Mirum sane est quam multa turn ad fidem tutandam, turn ad pietatem fovendam, et soluta et adstricta numeris oratione, Joannes elucubraverit, dignus sane qui ab altera Nicæna sy nodo ampliseimis laudibus celebraretur, et ob aureum orationis flumen Chrysorrhoas appellaretur. Neque solum contra Iconomachos orthodoxam fidem defendit; sed omnes ferme hereticos, præsertim Acephalos, Monothelitas, Theopaschitas strenue impugnavit: Ecclesiæ jura potestatemque egregie vindicavit: primatum Principis Apostolorum disertissimis verbis assemit; ipsumque ecclesiarum columen, infractam petram, orbis terrarum magistrum et moderatorem saepius nominat. Universa autem ejus scripta non modo eruditione et doctrina præstant, sed etiam quemdam ingenuæ pietatis sensum præferunt, præcipue cum Genitricis Dei laudes prædicat, quam singular! cultu et amore prosequebatur. Illud vero maxime in laudem Joannis cedit, quod primus universam theologiam recto ordine comprelienderit et sancti Thomæ viam complanaverit ad sacram doc trin am tam præclara methodo tractandam. Tandem vir eanctissiraus meritis pienus devexaque ætate, in pace Chrieti quievit anno circiter septingentesimo quinquagesimo quarto. Ejus officium et missam Leo decimus tertius Pontifex Maximus, addito Doctoris titulo, universæ Ecclesiæ concessit.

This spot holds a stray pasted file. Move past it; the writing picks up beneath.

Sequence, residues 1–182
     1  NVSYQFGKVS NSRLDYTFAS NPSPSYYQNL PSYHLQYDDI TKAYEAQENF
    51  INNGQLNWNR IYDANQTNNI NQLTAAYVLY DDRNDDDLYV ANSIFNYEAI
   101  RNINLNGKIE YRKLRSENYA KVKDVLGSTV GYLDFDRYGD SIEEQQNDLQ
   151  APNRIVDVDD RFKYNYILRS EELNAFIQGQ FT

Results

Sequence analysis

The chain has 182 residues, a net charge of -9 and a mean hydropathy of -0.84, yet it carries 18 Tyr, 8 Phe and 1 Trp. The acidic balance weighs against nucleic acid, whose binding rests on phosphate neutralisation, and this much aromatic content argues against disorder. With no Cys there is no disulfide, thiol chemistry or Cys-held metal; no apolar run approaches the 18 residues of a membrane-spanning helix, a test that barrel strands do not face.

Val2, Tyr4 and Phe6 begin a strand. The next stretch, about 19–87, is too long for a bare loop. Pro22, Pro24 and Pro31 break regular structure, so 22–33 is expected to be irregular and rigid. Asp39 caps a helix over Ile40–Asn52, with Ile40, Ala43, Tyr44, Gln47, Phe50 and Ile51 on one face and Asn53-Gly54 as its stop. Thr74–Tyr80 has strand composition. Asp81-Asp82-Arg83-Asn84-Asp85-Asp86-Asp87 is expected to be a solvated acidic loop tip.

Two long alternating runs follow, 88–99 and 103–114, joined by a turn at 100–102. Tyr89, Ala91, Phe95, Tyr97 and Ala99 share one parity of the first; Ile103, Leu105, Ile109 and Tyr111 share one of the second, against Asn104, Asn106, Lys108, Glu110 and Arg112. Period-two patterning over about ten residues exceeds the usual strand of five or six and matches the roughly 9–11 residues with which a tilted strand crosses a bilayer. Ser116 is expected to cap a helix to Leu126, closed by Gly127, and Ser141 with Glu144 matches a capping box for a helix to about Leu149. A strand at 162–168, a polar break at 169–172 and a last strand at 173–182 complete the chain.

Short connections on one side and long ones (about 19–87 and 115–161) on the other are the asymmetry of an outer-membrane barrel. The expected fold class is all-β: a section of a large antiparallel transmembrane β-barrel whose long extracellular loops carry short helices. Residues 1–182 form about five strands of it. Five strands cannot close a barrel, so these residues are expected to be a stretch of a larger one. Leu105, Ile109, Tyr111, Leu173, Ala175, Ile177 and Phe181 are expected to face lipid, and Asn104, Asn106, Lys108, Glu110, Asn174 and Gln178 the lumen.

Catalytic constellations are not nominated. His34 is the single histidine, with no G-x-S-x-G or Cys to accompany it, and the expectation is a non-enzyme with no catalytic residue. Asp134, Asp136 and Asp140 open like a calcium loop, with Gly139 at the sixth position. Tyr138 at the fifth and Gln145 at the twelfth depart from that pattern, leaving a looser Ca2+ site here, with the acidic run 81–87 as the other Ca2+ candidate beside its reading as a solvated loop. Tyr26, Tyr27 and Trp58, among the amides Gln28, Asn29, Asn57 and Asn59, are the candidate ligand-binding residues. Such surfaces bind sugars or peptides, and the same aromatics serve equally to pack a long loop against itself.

John, who received the name of Damascene from his native place, was of noble birth, and studied sacred and profane letters at Constantinople under the monk Cosmas. When the Emperor Leo the Isaurian made a wicked attack upon the cult of the holy Images, John, at the desire of Pope Gregory III., earnestly defended the holiness of this cult both by words and writings. By this ho enkindled so great a hatred in the heart of Leo that the Emperor accused him, by means of forged letters, of treachery to the Caliph of Damascus, whom he was serving as a councillor and minister. John denied the charge, but the Caliph was deceived by it and ordered his right hand to be cut off. John implored most earnestly the help of the blessed Virgin, and she manifested the innocence of her servant by reuniting the hand and arm as though they had never been severed. This miracle moved John to carry out a design which he had long had in mind. He obtained, though not without difficulty, the Caliph’s permission to leave him, distributed all his goods to the poor and freed all his slaves. He then made a pilgrimage to the holy places in Palestine, and at length withdrew with his teacher Cosmas to the monastery of St. Sabbas near Jerusalem, where he was ordained priest.